Rajitha Jagoda Arachchi, in Sunday Observer, 3 March 2019, where the title runs “Digana: Ground Zero one year on“
A year ago, the peaceful village was an unrecognisable hotbed of hate and violence and this street on which Samsudeen’s home now stands reconstructed, was filled with concrete and glass, debris from the attacks on Muslim-owned homes and businesses around town. The shoe merchant Samsudeen lives in a newly built house in the middle of town. The man in his 60s invited us into the bedroom cum living room of his modest home, and motioned to his wife to bring refreshments for his guests.
A year ago, Samsudeen’s house and shop front were burned and blackened in the vicious communal riots that broke out in Digana, Kandy. Worse still, the violence claimed his youngest son Abdul Basith (27) who was on the top floor of their home when it was burning. A year ago, the peaceful village was an unrecognisable hotbed of hate and violence and this street on which Samsudeen’s home now stands reconstructed, was filled with concrete and glass, debris from the attacks on Muslim-owned homes and businesses around town.
Samsudeen, who was devastated by the loss of his son, is reflective about what relations used to be between neighbours before the violence. “Our area never had issues between religions. Basith my youngest son also had friends in all races, all religions. We lived with Sinhala People for years peacefully. Still I cannot believe what happened. It’s like a nightmare,” said Samsudeen.
Samsudeen who says he started working at the tender age of nine, had started his own shop in Digana after going through lots of troubles in his life. “I started life as a lottery seller. Out of each lottery ticket sold, I earned two cents. But I never complained and worked hard. Then I finally started this shop in my house using my savings,” he said.
It was March 5, 2018. A few days before that, four Muslim youth had beaten a person to death after a quarrel on the road. This lead to the riots in the Digana area lead by racist mobs who wanted to burn the properties of Muslims. “My wife and I jumped out of the house when they set our house on fire. Basith was upstairs and he could not jump out of the house immediately,” Basith’s father recalled.
Later Fayaz, Samsudeen’s second son climbed the roof looking for Basith. He fell down with the roof. He had no option but to run out of the house and was caught in the fire. But he managed to get out of the house. “People laughed at my burning son. No one came forward to rescue him. However, later the police had admitted him to the hospital. As the Police said they hospitalised two boys, we thought Basith was one. But instead, we found his dead body the following day,” Samsudeen wiped his eyes with both hands and his walking stick fell on the floor.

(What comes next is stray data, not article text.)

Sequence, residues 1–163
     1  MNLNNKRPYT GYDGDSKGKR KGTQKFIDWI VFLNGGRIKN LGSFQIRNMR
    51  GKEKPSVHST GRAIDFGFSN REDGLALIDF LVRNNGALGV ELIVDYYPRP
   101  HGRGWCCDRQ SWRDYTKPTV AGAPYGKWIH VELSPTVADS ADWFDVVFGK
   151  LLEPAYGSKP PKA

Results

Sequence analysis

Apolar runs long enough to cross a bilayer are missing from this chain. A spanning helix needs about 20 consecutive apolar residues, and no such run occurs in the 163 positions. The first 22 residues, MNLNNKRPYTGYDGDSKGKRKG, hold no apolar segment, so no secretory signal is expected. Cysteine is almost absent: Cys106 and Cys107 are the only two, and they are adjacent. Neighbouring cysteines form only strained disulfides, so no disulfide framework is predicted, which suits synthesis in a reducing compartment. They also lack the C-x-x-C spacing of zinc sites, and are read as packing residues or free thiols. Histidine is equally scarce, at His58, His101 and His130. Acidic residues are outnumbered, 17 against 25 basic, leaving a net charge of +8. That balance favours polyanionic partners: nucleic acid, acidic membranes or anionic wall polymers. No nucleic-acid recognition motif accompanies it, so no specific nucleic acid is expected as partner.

“The post mortem report stated that Basith died on March 4. But nothing happened in our house on March 4. It all happened on March 5. To be honest, we now feel that we live in a house belonging to someone else,” said Samsudeen, looking around the new walls. Samsudeen had received only Rs. 150,000 as compensation from the government while it cost him more than Rs. 3 million to build his home and shop, which were in pieces.
A few minutes later Samsudeen’s eldest son Fasal also joined us. The 37-year-old Fasal is a Muslim Maulavi. Fasal said that it was the mosque that helped them rebuild after the riots last year. “The pressure we had that day hasn’t changed. The government paid only Rs. 50,000 for the house and Rs. 100,000 for the shop. They said that it was just an initial amount and we will be paid more later. But we received nothing after the initial payment. Our Masjid has a fund to which all Muslims donate 2.5 per cent of their annual profit for CSR work. If we had not received financial support from the Masjid we may have had no place to go,” he said.
In August 2018, Prime Minister Ranil Wickremesinghe said that Rs 205 million had been allocated for compensation. “We don’t know what happened to that money. The Government should have supported the community and our society is losing faith in it,” he said.
Both Fasal and Samsudeen believe that those who participated in those riots are a minority. They still have confidence that the majority Sinhalese are against such behaviour. “I understood that very well because several Bhikkhus and lots of Sinhalese people came and helped us later. Also I believe the Sinhalese and Muslims do not have religious conflicts. This is all about politics. Politicians create these issues. On the other hand, people try to exaggerate the fact about our businesses and make the Sinhalese envy us,” Faisal said.